The French government has amassed more than enough ready cash from share sales to fund its purchase of a 20% stake in troubled conglomerate Alstom, according to Economy Minister Arnaud Montebourg.
"Following the sale of [shares in] Airbus, Safran and Aeroports de Paris, we now have over €2bn ($2.7bn, £1.6bn) that will be used to take that stake in Alstom," Montebourg told France's lower house during question time on 24 June, as reported by Reuters.
Shares in French utility giant EDF, Paris-based telecoms firm Orange, Safran and Airbus were the worst performers on the Paris stock exchange on 23 June, as traders feared the government would need to offload shares in those companies to fund the purchase.
Government ownership in Alstom was a condition set by Paris to back a deal with General Electric, which has been permitted to acquire Alstom's thermal power, renewable power and grid businesses for €12.35bn.
GE beat a combined offer by Germany's Siemens and Japan's Mitsubishi Heavy Industries.
Earlier, German politician Peter Ramsauer slammed France's decision to choose US-based GE over Siemens as the preferred buyer of Alstom's energy assets, saying France had put national interests over European interests in approving the deal.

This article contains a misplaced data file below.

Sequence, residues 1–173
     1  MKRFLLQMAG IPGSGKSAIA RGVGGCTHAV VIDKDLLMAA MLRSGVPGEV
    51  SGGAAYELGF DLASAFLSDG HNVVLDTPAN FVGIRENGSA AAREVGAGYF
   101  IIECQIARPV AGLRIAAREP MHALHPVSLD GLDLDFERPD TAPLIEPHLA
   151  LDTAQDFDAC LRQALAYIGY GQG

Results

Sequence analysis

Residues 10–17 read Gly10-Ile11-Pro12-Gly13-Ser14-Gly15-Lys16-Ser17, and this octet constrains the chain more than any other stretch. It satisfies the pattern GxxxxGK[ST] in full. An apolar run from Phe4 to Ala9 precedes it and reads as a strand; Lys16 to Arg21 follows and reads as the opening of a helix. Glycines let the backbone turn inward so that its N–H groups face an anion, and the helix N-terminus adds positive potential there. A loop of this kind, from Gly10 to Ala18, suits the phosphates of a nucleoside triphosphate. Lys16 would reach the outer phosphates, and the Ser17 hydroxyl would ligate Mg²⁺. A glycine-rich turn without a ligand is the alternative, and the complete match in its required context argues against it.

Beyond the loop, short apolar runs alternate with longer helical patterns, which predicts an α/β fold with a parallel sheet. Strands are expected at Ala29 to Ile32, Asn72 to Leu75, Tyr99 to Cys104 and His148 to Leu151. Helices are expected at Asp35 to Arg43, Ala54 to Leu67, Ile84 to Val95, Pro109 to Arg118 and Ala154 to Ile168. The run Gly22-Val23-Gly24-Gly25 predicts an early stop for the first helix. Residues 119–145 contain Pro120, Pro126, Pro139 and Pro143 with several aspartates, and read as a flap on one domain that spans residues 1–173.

Ramsauer also criticised France's plans to buy a 20% stake in Alstom despite its heavy debts and budget deficit.
The French government agreed on 22 June to acquire a 20% stake in Alstom from shareholder Bouygues. The move will help France strengthen its grip on Alstom, which employs thousands of people in the country.
Paris has the option to buy the 20% stake at a discount from construction group Bouygues, which holds a 29.3% stake. Bouygues has said that the government's option to buy shares will last for 20 months and begin after the closing of the GE-Alstom deal.